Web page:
For the last 2 weeks we have been summarizing the success that Martin Kaymer and Michelle Wie had in the US Open with their putting. This week I have collected facts to duplicate their putting success. Every green has a different surface and speed based on the contour and the condition of the grass surface. Only you can get a feel for the speed of the greens as they will change based on the moisture, grass height and rolling speed of the green. Putting can be up to 50% of your strokes in a round of golf so you really should pay attention to these tips.
PUTT WITH CONFIDENCE:
A good putt consists of 3 components: learn a smooth swing, commit to the right line and swing for the right distance. Adam Scott, the world’s #1 golfer, is using a new planning system to estimate the slope of the green and deciding on his target line. By choosing the severity of the slope he is committing to a plan for the break that he is expecting. He is setting a plan and committing to the plan. He must be on the right track so why not set a plan for each of your putts to swing with commitment and confidence.
Develop a Smooth and Confident Swing:
1/STOP using the small muscles in your arms and wrists to putt. Your small muscles tighten and cause the shaking motion (the YIPPS) in your swing. To solve this problem, the professionals lock their wrists and putt by rocking their spine and shoulders.
2/ Avoid the death grip on your putter as your shoulders and spine must be relaxed. Your grip still needs to be firm to lock your putter in your hands.
3/ Shorter putts should always be straight back and straight up the line of your intended target point. Longer putts will require more backswing so you may find yourself rotating around your body from the inside but you need to finish straight up your intended target line.
Commit to a line.
1/ Commitment is the first step to confidence. Use a line on your ball to line up with your target line. It just helps your mind confirm that you have committed to a line.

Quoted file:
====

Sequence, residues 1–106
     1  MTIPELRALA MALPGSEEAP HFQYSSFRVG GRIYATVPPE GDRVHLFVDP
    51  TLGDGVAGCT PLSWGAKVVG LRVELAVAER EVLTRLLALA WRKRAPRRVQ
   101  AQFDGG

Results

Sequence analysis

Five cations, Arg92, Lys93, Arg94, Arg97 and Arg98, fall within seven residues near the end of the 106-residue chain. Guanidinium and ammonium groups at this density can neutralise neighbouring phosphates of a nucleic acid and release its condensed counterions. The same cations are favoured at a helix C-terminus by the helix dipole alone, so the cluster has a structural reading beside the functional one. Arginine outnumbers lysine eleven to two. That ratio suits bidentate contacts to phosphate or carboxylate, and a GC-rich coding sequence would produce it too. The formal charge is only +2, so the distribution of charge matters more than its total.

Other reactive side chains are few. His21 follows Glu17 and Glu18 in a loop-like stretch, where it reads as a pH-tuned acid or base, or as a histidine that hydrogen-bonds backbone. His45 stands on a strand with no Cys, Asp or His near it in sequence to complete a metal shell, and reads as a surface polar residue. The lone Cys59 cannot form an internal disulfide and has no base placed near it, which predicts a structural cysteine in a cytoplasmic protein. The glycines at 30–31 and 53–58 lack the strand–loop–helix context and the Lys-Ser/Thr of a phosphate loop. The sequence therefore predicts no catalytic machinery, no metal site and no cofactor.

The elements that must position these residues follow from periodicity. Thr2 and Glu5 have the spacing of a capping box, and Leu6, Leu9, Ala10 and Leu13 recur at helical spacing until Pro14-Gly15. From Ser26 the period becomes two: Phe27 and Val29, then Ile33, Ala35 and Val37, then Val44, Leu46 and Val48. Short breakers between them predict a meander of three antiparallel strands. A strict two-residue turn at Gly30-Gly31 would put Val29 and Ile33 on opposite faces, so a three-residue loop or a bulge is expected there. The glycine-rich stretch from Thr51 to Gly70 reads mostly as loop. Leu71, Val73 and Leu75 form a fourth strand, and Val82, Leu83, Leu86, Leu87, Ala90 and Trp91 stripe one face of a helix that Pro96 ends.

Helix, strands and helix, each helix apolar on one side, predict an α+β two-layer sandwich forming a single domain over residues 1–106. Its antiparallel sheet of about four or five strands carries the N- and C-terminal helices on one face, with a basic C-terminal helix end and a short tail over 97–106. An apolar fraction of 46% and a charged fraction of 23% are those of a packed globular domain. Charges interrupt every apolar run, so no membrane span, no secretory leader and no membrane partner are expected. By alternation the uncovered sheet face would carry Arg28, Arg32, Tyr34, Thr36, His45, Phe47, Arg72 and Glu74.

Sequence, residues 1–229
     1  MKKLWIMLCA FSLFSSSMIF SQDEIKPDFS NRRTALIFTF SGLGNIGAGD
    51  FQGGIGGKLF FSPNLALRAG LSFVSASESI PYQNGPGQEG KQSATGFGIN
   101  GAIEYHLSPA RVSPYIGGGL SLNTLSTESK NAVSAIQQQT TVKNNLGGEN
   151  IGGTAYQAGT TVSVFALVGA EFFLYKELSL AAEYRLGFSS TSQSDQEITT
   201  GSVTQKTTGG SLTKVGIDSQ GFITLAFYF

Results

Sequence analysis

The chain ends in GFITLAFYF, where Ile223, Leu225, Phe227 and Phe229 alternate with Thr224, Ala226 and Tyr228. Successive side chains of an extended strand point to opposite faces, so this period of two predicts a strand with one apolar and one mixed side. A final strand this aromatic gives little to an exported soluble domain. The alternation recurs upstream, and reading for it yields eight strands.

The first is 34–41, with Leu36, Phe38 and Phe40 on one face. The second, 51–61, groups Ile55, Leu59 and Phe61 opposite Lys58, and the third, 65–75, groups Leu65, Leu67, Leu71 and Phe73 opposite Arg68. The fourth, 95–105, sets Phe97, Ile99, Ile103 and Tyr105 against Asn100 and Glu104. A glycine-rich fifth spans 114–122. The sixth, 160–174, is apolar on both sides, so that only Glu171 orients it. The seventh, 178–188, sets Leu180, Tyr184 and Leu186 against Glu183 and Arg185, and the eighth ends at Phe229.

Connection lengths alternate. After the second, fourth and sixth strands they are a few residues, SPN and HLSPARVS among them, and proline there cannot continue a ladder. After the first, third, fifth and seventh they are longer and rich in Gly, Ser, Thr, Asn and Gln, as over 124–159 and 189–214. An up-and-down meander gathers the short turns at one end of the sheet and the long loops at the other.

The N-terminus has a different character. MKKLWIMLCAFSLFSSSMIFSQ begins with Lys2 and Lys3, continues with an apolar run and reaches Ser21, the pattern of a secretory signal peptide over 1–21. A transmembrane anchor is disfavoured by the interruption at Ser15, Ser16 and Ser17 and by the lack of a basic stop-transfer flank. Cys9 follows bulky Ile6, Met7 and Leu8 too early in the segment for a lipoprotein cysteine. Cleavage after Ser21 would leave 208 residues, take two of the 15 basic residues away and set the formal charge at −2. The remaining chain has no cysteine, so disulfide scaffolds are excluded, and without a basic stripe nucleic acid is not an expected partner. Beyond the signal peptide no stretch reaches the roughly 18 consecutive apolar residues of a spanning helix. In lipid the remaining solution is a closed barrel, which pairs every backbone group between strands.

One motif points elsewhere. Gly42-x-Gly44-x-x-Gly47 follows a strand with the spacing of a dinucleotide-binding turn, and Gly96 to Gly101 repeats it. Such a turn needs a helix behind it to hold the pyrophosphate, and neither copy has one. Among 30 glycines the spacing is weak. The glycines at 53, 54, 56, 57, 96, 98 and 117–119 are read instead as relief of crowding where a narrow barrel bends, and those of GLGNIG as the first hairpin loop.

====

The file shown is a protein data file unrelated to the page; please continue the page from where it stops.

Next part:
2/ MINIMIZE the Break by Sinking the Putt before your ball slows down: 70% to 90% of the break occurs as your ball slows down in the last 10% of the distance rolled. How often have you seen Tiger’s ball drop firmly into the hole (without the final curl on his putt)? Eliminate most of the break by planning to hit 12 to 18 inches past the hole. NOTE: Wear and tear near the hole from hole insertion, club damage when pressed on the green and careless ball removal distort the roll of your ball. Reasonable ball speed is the only way to minimize the impact of these unforeseen problems.
3/ Uphill putts break a lot less because you need more speed to get your ball up the hill so you should take a more direct line for uphill putts.
Practice for the Right Distance
1/ Before you play a round of golf make sure that you get a feel for the speed of the greens by using the practice green. They change every day based on many factors.
2/ After you choose your line, take 2 or 3 practice swings with the exact stroke and cadence that you need to hit the ball 12 inches past the hole. Step up to the ball, check your line and duplicate your practice swing.
Increase your odds of sinking more putts by developing a smooth “up the line” swing, practice your putting and pay attention to your misses. GOLFSTR+ is an excellent training aid to develop your confidence by locking your wrists during the putting stroke. Practice with GOLFSTR+ For Every Swing in Your Game: Click here to check out all of the uses for GOLFSTR+.